This feature highlights water utility employees in the San Diego region working during the coronavirus pandemic to ensure a safe, reliable and plentiful water supply. The water industry is among the sectors that are classified as essential. Carrie Selby, City of Escondido Wastewater Treatment Plant Operator, is the Water Utility Hero of the Week.
Archive for date: July 6th, 2020
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If you want to know what climate change means for California’s water supply, consider the last two Februaries. In 126 years of statewide record-keeping, you can’t find a drier February than the one we just experienced. But February 2019 was the third-wettest on record.
A federal funding opportunity was announced on June 30th to improve the water and wastewater treatment infrastructure. The U.S. Department of Energy’s Office of Energy Efficiency and Renewable Energy is providing $20 million for innovations that “strengthen America’s water infrastructure and enable advanced water resource recovery systems that have the potential to be net energy positive.”
Recent climate models are ‘running hot,’ projecting catastrophic global warming. Puzzled scientists are weighing whether the models need correcting or whether severe warming is a real threat.
Despite pandemic related fiscal challenges, work on the Salton sea still remains a priority. Especially for Assemblymember Eduardo Garcia, from the 56th district, who helped get funds of over 47-million dollars for new river and Salton sea mitigation projects.
An independent audit of Baja California’s water agency alleges that former employees of the utility colluded with international corporations to defraud the state out of at least $49.4 million, according to an auditor and the governor of the state.
As a fifth-generation rancher in Colorado, Paul Bruchez knows the value of water. Not only does he raise cattle irrigated by the Colorado River and its nearby tributaries, Bruchez runs a fly-fishing business on those same streams.
California American Water officials are defending the company’s proposed desalination project in response to the Monterey Peninsula Water Management District’s move last month to formally oppose it at the Coastal Commission in favor of a proposed recycled water expansion.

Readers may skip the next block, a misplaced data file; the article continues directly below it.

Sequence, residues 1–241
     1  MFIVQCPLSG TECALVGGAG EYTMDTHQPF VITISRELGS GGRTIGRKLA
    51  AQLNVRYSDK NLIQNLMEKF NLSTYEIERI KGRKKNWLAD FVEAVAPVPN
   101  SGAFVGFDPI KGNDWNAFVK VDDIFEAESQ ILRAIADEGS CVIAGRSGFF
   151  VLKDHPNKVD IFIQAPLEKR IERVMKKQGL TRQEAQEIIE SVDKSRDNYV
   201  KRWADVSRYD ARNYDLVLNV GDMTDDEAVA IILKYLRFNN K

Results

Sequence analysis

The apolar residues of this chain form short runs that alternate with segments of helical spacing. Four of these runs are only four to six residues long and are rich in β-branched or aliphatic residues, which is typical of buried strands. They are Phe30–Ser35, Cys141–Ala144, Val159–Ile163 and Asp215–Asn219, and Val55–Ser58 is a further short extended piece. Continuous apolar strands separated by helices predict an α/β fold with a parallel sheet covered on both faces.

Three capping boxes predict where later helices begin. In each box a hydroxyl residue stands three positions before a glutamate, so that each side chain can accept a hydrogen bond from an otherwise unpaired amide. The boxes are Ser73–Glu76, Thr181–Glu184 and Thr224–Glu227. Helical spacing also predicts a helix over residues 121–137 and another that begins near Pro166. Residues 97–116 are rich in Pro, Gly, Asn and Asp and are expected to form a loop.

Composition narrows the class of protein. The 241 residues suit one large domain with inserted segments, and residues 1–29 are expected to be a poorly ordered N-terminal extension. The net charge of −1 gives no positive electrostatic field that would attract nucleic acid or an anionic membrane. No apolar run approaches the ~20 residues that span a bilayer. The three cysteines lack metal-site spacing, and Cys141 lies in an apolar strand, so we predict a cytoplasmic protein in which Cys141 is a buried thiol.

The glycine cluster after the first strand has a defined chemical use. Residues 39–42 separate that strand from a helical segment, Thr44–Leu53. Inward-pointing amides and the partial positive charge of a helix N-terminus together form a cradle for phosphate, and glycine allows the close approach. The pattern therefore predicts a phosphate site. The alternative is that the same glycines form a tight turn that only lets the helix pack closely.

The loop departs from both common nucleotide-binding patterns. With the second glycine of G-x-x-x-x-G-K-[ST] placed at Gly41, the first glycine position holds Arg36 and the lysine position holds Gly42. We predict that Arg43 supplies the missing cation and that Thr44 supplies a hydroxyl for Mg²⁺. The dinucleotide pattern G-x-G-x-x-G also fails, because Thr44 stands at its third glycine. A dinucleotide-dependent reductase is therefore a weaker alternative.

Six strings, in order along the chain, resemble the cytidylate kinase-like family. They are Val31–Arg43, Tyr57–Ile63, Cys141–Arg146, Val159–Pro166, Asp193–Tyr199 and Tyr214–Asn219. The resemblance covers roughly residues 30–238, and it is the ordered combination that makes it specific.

Editor’s Note: This feature highlights water utility employees in the San Diego region working during the coronavirus pandemic to ensure a safe, reliable and plentiful water supply. The water industry is among the sectors that are classified as essential. Carrie Selby, City of Escondido Wastewater Treatment Plant Operator, is the Water Utility Hero of the Week.
Water Utility Hero of the Week: Carrie Selby
Job/Agency: City of Escondido Wastewater Treatment Plant Operator
How did you become interested in working in the water industry?
I worked security at Lake Skinner for MWD in 2002, and very much wanted to advance my career but was not sure how. Until, I came across a flyer for an operator position. This interested me, so I asked one of the operators who worked there, how to get into the field. He provided me some materials and this immediately peaked my interest. I ended up applying at another agency and was hired as an Operator-In-Training. Eighteen years later, I am still in the field and currently hold a Grade 3 Certification.
How has your job changed during the pandemic?
Although we regularly practiced extremely good hygiene at the plant. We now have taken extra precautions such as, wearing facemasks, and maintaining social distancing. Temperature stations are now our new norm. We have to take our temperature prior to starting our shift.
How are you keeping safe?
I come to work in proper attire and practice extra sanitizing precautions. I always make sure to change out of anything that I wear at work prior to going home.
What are you most looking forward to after the crisis ends?
I am looking forward to getting back to traveling and adventuring out to some hiking trails. Nature is fuel to my soul! I also look forward to spending time with family.
The Water Utility Hero of the Week highlights essential work performed during the COVID-19 pandemic by employees of the San Diego County Water Authority’s 24 member agencies.